The second round of the SRO-hosted Intercontinental GT Challenge Esports powered by Mobileye series took place over the weekend. 24 hours of Spa Francorchamps awaited the nearly 50 teams competing, with many of the major names from the ACC esports scene present and ready to do battle in the virtual Ardennes forest. Riding high from the opening round win for the Pro contingent was the #63 Automobili Lamborghini Esports Team, where the Silver standings were led by the #110 McLaren of AJA Simracing Team powered by GAADI.
The #66 McLaren of Veloce took pole position, right alongside the Silver lead qualifier, the #22 Honda of Rocket Simsport. The fighting throughout the field was fierce, with numerous groups of cars all arguing for the same patch of Belgian tarmac, but four and a half hours in, disaster struck as the race was abruptly halted by a DDOS attack.
To explain what this means, DDOS stands for “Distributed Denial Of Service”, and it is an attack on an online service that prevents users from being able to access that service. In this instance, the ACC server hosting the race was flooded with internet traffic, causing the server to become overloaded and eventually crash, bringing the race to its sudden conclusion. To put into perspective the impact that this has on a driver, Jaroslav Honzik, one of the drivers of the car that was leading the race at the time the attack took place, the #149 YAS HEAT McLaren, shared his thoughts on what happened.
How much practice had you on the YAS HEAT squad put in for Spa?
It was for sure over 3 weeks of practising, no idea how many hours. I personally did around 10-12 hours of practice and adapting for race setup to match my teammates pace, and my team mates did even more than I did.
How frustrating was it for the team to have the race stopped, especially whilst you were leading?
It was insane, absolutely frustrating. To be fair, I don’t really care what position we were, yes it was nice to be P1 but it was 20 hours to go so it really didn’t matter at that point, but this event is something you are preparing / looking forward for several months. I honestly was emotionally destroyed, so sad for many drivers, teams, all the fans.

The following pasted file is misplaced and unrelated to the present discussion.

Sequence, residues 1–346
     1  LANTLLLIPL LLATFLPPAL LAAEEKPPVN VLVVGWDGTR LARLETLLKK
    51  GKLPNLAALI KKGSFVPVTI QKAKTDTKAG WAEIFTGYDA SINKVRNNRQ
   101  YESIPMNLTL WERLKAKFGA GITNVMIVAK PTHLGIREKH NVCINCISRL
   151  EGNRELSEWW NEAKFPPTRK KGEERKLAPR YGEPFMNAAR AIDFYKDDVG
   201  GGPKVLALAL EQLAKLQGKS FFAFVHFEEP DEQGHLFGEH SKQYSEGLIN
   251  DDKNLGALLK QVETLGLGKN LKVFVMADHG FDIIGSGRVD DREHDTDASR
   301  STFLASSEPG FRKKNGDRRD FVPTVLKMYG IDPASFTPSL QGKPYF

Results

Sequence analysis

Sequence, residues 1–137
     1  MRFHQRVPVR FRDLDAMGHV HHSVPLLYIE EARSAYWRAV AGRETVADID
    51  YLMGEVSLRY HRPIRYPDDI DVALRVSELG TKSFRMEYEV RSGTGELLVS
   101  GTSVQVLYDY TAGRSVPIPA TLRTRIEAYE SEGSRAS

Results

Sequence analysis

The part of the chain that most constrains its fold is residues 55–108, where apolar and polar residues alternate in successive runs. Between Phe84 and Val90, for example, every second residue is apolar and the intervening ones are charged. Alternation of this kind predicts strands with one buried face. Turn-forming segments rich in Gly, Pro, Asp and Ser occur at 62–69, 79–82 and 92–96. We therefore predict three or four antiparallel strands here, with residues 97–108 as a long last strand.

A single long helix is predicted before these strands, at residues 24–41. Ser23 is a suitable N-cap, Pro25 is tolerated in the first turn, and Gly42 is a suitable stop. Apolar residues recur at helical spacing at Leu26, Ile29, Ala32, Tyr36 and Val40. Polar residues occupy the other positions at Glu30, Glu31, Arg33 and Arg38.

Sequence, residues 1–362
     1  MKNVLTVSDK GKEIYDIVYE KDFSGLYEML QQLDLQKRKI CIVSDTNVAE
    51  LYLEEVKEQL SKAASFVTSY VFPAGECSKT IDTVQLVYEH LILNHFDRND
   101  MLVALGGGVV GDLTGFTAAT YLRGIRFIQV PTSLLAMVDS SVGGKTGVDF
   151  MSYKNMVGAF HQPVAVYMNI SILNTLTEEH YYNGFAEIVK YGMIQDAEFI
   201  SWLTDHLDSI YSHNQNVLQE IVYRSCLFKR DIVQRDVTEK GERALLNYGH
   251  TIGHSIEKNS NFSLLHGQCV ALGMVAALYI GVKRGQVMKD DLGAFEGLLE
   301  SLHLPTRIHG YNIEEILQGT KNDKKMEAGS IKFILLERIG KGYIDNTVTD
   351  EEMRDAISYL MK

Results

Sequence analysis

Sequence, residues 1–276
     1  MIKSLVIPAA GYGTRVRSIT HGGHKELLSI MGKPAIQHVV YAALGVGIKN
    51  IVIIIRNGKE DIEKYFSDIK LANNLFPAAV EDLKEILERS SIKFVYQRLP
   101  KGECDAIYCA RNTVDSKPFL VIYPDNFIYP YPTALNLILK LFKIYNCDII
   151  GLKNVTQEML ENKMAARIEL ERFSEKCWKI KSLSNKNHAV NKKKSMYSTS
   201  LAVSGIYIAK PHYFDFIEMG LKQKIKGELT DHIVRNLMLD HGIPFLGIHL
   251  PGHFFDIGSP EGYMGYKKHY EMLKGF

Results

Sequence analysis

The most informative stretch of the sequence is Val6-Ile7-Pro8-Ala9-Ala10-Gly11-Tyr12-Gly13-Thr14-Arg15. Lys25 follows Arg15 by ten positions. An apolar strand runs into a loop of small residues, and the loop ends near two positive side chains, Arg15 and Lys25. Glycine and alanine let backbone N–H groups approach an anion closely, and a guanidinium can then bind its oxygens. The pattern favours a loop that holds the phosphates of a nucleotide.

Cam Royal, Head of Talent at Veloce and Project Lead for YAS HEAT, expressed the disappointment from the pole starting Veloce team.
How much preparation had Veloce gone through for this event?
Well since the relaunch of our in-house esports team this year, we’ve had a much more defined approach to training for all competitions in the calendar. For the Spa 24H, we had a bootcamp for the week leading up to the race on Saturday. It was a LAN environment that saw us fly our drivers over and give them a dedicated training space within our London HQ.
The disappointment must have been huge when the race was stopped, how does Veloce manage that, especially in light of all the effort that went in to preparing the drivers for Spa?
In circumstances like that, there isn’t much we can do as an organisation. Ultimately we’ve done our job to deliver an enriching environment for our talent to compete in, and in light of us qualifying P1 I think we did all we could. It’s a concerning issue that these competitions are so vulnerable, but we can’t get caught up on it in the moment as our hands are tied.
The amount of time, dedication and money that esports teams and drivers put into endurance races cannot be underestimated, let alone all the planning and organisation that goes on by the likes of SRO who ran the event, and the broadcasting team doing their best to give the audience an entertaining show, all the efforts of many people brought to a grinding halt, through no fault of their own, due to the malicious work of an individual. Who and why will no doubt never be answered, but its such a shame that these situations can tarnish the growing reputation of sim racing in the esports universe, considering the amount of attention and momentum simracing has gained in the last few years.
Image © SRO Motorsports